Carpooling: Anything but Casual

You stand in line, often within sight of a BART station, hop in a stranger’s car, and wait for a couple other commuters to join you. Then you take off for the Bay Bridge.

Casual carpools can have bad moments: no assurance either riders or drivers will show up, cars that smell like wet dogs or gym bags, the driver who always takes a ridiculously long, non-carpool-lane route thinking that it’s a shortcut (it’s not—the whole thing about the carpool lane is that it’s fast!). People rarely talk—the usual soundtrack to the commute is loud NPR, coupled with the occasional book-on-tape. It’s almost impossible to read or nap, as people often do on public transit.

But public transit comes with a price tag: a commuter who rides BART back and forth from Rockridge to Embarcadero five days a week spends around $115 each month—and that’s a short ride compared to many commutes. Add the cost of city bus rides at $1.50 and a weekend drive over a bridge, and the money you hoped to save by living in cheaper areas of the Bay Area and commuting to work is already gone.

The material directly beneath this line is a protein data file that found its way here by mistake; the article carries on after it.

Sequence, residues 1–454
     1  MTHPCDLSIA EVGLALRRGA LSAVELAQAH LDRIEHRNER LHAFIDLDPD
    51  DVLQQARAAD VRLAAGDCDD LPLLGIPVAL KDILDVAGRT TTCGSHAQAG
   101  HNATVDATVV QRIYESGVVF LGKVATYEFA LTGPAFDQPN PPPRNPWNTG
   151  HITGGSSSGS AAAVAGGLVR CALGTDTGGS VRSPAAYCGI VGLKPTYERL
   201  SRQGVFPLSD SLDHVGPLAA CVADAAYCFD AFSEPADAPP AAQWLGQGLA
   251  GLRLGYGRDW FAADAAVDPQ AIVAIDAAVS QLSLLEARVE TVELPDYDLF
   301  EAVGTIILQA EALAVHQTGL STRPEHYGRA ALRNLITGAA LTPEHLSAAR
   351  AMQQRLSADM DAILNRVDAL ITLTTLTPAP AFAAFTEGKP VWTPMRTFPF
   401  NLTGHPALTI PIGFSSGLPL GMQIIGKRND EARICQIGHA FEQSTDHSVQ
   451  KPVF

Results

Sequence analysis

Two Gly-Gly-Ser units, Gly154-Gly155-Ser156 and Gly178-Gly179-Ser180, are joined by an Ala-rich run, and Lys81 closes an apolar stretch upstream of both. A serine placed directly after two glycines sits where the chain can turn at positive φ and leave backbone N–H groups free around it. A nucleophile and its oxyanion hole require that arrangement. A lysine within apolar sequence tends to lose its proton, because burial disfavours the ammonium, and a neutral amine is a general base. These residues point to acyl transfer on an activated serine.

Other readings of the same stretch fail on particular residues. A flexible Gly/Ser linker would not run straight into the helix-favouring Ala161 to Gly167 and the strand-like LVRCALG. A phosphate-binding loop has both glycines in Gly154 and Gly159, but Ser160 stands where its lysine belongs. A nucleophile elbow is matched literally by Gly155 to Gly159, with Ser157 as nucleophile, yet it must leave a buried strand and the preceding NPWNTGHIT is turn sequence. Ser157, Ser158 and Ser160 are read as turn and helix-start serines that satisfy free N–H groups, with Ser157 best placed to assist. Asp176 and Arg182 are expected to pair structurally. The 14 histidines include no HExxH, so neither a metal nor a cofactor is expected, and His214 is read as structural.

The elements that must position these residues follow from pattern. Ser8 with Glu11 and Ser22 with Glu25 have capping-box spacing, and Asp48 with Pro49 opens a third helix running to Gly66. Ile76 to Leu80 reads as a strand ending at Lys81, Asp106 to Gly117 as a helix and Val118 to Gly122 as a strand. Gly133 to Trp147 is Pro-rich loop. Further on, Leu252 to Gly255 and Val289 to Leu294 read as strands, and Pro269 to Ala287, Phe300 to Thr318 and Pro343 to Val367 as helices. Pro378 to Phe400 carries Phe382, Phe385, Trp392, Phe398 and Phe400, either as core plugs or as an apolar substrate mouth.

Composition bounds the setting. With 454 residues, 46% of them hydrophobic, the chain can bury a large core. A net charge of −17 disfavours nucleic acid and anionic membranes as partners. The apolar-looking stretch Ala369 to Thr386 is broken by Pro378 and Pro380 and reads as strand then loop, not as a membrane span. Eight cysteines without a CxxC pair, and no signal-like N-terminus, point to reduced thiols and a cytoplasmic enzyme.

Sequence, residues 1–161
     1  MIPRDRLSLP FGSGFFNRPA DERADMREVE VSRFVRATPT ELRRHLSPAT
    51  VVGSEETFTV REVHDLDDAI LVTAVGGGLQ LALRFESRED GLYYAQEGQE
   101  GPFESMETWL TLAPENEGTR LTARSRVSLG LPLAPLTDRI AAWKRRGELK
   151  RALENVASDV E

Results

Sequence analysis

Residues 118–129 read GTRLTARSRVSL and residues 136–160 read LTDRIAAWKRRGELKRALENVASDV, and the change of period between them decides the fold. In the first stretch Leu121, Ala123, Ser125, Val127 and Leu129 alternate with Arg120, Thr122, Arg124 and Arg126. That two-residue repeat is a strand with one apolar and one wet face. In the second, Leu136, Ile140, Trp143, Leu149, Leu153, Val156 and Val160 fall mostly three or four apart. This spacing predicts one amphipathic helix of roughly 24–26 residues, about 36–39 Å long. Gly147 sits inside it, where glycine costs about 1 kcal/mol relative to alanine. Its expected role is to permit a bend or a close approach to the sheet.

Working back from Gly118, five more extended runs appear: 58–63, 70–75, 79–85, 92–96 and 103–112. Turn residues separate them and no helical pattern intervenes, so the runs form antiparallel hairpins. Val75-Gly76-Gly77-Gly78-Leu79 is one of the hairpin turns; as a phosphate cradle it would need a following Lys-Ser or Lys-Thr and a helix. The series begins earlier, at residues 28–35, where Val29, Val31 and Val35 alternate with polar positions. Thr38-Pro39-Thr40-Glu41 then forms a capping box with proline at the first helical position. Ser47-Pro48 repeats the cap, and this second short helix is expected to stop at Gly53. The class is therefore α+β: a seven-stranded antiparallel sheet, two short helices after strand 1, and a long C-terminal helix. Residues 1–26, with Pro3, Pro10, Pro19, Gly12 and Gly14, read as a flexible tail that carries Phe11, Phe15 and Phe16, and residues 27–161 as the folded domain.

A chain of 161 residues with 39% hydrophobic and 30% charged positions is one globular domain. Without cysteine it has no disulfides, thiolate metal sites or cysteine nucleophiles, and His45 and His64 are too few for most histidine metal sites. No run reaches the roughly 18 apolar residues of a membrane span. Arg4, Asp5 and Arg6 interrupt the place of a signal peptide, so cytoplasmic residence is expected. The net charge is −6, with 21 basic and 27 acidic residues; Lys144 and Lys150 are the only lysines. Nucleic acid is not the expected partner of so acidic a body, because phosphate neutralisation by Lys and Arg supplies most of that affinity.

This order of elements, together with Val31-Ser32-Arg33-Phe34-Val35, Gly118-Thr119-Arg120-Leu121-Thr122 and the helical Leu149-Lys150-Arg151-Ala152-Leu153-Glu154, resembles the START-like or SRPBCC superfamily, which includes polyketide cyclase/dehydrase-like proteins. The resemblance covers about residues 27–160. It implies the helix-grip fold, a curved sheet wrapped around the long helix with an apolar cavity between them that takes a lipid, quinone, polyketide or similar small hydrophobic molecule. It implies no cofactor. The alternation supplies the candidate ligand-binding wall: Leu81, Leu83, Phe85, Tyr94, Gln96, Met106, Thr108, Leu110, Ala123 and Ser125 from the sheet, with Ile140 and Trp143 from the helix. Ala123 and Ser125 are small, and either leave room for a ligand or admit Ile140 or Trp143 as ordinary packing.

Still, the cost of public transportation is nothing compared to driving solo. Yanni Zhao, an Oakland resident who drives to UCSF every day, spends about $250 a month for parking, gas, and tolls. She says she’d rather carpool, but she hasn’t found anyone who wants to share the ride. In the meantime, she’d rather drive alone than take transit: “If I take public transportation,” she notes, “it takes about one and half hours of commute time for coming to work and even longer to go back home.” Driving shaves off about 45 minutes each way, even if she hits a moderate traffic jam, which she says doesn’t happen too often these days—Zhao works 7:30 to 4:30, so she’s en route when traffic is lighter than at peak commute hours She also says she prefers the flexibility of driving, since driving gives her the option of working late, picking up her son from preschool, or doing errands after work.